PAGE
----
It seems everyone is interested in knowing which businesses are generous and which ones aren’t. However, nearly every business has a visibility problem when it comes to corporate giving.
Royal Cause was conceived when personal ambition collided with curiosity and frustration. As a board member for a nonprofit I was looking for funding sources to expand the capacity to serve more youth.
Corporate giving programs place over 18 billion dollars of cash and gifts into the nonprofit ecosystem each year. Businesses will spend slightly over a billion dollars annually to manage and promote these programs.
Kristine works as the HR Recruiting Manager for Barker & Sanchez. Her key responsibility is to attract and recruit fresh talent. Kristine has learned that an employer’s commitment to their community is of growing importance to job seekers, especially millennials.
Ben volunteers often at STEM Kids, and has seen an increase of need for qualified volunteers. So Ben created a profile in Royal Cause, and became a STEM Kids Ambassador.
Gina works as a Designer for Seattle Innovations. Gina is also an Ambassador for NW Trail Improvement. As an Ambassador for NW Trail Improvement, Gina took these steps to get quick results:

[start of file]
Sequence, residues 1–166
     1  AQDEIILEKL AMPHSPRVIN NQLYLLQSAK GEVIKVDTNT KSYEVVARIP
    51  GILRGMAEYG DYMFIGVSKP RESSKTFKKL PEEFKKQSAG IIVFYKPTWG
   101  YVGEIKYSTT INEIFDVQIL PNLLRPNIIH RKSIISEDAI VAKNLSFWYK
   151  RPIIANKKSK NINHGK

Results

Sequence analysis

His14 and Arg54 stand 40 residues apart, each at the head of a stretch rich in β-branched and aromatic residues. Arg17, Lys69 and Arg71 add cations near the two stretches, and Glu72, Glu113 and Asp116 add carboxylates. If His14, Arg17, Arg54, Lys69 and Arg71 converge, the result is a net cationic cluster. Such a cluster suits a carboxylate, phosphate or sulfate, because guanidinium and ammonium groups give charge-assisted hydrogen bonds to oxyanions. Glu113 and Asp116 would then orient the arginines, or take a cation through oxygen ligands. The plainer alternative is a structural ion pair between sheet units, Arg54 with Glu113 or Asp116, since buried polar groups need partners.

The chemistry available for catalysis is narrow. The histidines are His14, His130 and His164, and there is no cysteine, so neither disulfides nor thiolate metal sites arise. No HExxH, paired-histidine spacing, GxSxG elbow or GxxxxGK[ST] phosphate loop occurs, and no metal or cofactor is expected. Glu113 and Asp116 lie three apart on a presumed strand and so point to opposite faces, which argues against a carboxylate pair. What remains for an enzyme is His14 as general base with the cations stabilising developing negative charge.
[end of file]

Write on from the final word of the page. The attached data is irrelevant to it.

We all know that feeling of cozying up in your blankets, relishing the sweet moments left of dreamland before your alarm goes off. But, then you open your eyes and realize you slept through the loud wakeup, and now all hell breaks loose because you realize you are late.
Should a business expect something tangible in return for their generosity? If your answer is anything but ‘Yes’ you’re probably in the minority. Business philanthropy wavers between 16-18 billion dollars a year in the United States.
Not long ago I was meeting with a Senior Vice-President of Community Relations for a major national bank. The discussion moved to the topic of status updates regarding funds donated to local charities. Specifically, the perceived pattern of poor follow up after the check is cashed.